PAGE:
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How Minnesota Could Economically Reach 70 percent Renewable Electricity

   January 11, 2019        396        Frank Jossi

A recent report from Minnesota pollution regulators shows the state is making progress on reducing greenhouse gas emissions, but it isn’t doing enough to keep pace with its long-term goals or stop catastrophic climate change.

As a new administration takes office this week, its predecessors leave it with at least one blueprint for closing those gaps. It requires no new technologies but a dramatic shift in thinking about how the electric system is managed.

The Minnesota Department of Commerce, clean energy advocates, and all the state’s major utilities over the past three years developed the Solar Potential Analysis Report. (Fresh Energy, which publishes the Energy News Network, was among the stakeholders that participated in the process.)

The report, published in November, concludes that Minnesota could get 70 percent of its electricity from wind and solar by 2050 at no additional cost compared to natural gas. Instead of batteries to balance the variable generation, it suggests that overbuilding wind and solar capacity would be more economical. The model calls for reaching up to 22 gigawatts capacity each for wind and solar power.

Cost-effective is one thing, but it wouldn’t be easy. Utilities would have to invest in renewables well beyond their likely comfort level. New payment models for clean energy would have to be created. Consumers would have to change behaviors and program appliances for night use, employ electric water heaters and charge electric cars overnight.

“This would require utilities to ramp up even more than what they said they were going to do and overshoot the mark,” said Brian Ross, senior program director for the Great Plains Institute and one of the report’s authors. “We did not identify the mechanisms by which this would happen.”

Key in the study is the idea of curtailment when renewable sources produce more power than is needed. The power would be turned off, or curtailed, during those times. Ross compared the additional capacity as equivalent to peaker plants, which generate electricity during high demand times but may operate less than 10 percent of the time. They allow more efficient use of resources, he said, despite running so little.

The current mindset around renewable energy has encouraged utilities to maximize solar and wind production to produce the highest revenue possible, said Josh Quinnell, senior research engineer with the Center for Energy and Environment. Asking them to build more solar and wind than they need and then curtail it when necessary goes against “our current compensation mechanisms … We don’t have a mechanism to value that additional capacity.”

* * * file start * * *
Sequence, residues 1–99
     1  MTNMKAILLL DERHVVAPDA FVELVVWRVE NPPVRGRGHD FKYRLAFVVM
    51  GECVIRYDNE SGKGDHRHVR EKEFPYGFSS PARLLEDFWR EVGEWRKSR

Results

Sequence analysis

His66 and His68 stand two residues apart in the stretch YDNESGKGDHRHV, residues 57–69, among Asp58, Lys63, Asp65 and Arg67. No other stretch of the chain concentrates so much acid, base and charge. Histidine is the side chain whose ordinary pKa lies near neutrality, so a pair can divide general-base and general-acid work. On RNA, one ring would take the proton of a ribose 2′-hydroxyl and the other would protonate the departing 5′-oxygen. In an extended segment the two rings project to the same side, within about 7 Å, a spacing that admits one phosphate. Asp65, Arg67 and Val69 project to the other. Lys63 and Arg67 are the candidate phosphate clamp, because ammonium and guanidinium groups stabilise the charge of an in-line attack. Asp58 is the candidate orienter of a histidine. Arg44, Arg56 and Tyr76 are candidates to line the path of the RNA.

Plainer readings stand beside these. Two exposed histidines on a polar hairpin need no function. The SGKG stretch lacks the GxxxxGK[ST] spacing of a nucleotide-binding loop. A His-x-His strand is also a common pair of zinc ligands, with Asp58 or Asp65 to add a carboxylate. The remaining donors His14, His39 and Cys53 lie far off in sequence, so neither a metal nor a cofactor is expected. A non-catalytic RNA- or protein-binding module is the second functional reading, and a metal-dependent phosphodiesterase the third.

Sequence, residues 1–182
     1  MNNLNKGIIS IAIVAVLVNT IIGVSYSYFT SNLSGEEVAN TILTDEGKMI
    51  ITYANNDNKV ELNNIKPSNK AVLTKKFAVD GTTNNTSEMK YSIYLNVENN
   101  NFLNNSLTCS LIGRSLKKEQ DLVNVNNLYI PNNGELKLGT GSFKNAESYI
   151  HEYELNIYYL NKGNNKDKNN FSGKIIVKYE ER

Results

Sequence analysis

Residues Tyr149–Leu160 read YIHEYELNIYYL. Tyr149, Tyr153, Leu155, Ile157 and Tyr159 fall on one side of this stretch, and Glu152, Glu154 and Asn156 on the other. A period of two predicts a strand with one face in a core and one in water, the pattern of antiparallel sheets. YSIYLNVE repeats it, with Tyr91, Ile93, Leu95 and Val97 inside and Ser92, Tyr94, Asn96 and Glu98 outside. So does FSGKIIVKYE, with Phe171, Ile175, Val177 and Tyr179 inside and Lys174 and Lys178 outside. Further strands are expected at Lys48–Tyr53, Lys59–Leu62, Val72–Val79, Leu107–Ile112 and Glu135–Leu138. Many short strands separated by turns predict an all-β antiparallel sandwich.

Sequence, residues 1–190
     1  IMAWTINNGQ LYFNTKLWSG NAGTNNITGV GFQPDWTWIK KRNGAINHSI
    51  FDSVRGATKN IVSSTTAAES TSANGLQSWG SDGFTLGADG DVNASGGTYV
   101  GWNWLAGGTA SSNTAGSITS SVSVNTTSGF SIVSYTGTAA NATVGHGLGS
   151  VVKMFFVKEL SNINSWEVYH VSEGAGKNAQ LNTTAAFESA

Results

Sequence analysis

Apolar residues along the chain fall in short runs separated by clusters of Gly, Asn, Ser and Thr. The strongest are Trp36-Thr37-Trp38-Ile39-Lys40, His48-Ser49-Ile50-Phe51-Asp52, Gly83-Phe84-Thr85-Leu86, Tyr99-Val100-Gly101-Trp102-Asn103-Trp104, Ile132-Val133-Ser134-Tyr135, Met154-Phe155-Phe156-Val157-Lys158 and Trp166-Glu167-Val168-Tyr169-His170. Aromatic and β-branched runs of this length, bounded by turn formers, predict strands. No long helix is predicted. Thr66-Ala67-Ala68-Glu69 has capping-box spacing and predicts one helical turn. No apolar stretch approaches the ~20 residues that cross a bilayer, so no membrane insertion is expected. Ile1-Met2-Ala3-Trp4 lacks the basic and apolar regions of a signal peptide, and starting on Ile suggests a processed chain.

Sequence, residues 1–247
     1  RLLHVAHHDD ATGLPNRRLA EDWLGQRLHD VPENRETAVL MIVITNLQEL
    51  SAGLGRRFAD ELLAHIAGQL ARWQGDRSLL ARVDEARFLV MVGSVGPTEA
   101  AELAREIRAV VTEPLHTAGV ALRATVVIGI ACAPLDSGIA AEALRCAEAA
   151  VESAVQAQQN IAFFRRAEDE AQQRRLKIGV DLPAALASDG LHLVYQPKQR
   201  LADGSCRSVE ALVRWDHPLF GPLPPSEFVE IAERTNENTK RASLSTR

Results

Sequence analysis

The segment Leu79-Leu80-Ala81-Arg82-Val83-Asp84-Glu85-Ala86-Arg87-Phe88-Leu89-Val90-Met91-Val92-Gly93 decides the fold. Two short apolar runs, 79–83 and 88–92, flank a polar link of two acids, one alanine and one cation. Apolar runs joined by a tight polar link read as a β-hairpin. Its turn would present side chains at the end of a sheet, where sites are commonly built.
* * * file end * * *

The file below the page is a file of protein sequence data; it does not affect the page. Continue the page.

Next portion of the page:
The clean energy developer community, too, was nervous “because we don’t have a plan for their compensation,” Quinnell said. Curtailing power from a wind farm, for example, cuts revenue for the developer that owns it. How would they be paid for not producing electricity? Could they be paid to provide other services? Those are questions, he suggested, for further investigation.

Other reports and experts have long suggested scenarios in which storage absorbs excess renewable energy and delivers it to the grid when production of solar and wind declines. By doubling the capacity of wind and solar “we reduce the amount of storage by five times — it’s pretty dramatic,” Ross said.

Battery storage, on the other hand, serves hourly to weekly demands for electricity, Quinnell said. Longer energy storage options dramatically bump up costs. “We’re not diminishing storage but finding the right place for it,” he said. “On short timescales of an hour or up to a week, there’s an important role for storage. We couldn’t do this without storage. But at longer timescales, storage becomes expensive.”

A smaller role would be played by load shifting to follow when wind and solar are strong. Clean energy advocates, Quinnell said, have long called for electrification of home heating and hot water. “Our model is concurrent with others that show we can reduce source energy emissions if we go electric on our heating and hot water in Minnesota … if single-family housing stock does air source heat pumps for space heating and storage water heaters for domestic hot water,” he said.

The MN Solar Pathways report did not account the impact of transmission and distribution costs or rate structure changes. It was careful to highlight the analysis studied only Minnesota and not the regional Midcontinent Independent System Operator (MISO) power grid. “The lack of integration with MISO led to a conservative analysis with higher generation costs and resource capacities,” the report says, reflecting the belief of a technical committee.

What impact, if any, the report has on the integrated resource plans of utilities will be intriguing. Just a month later, another statewide report led by the Center for Energy and Environment detailed how energy efficiency targets and demand response initiative could reduce energy demand. Such an approach could conceivably obviate some of the need for more wind and solar. The report suggests sophisticated lighting represents a large portion of total potential savings, in addition to adding cold climate air source heat pumps, improved refrigeration, and electric space heating with smarter thermostats.

Meanwhile, the state’s largest utility announced an even more ambitious plan last month, pledging to reach zero-carbon electricity by 2050 and reduce carbon emissions 80 percent by 2030. Xcel Energy said in a statement that more than 60 percent of its power would come from renewables, and that it will continue to operate its fleet of nuclear plants at least into the 2030s.

Renewable Energy World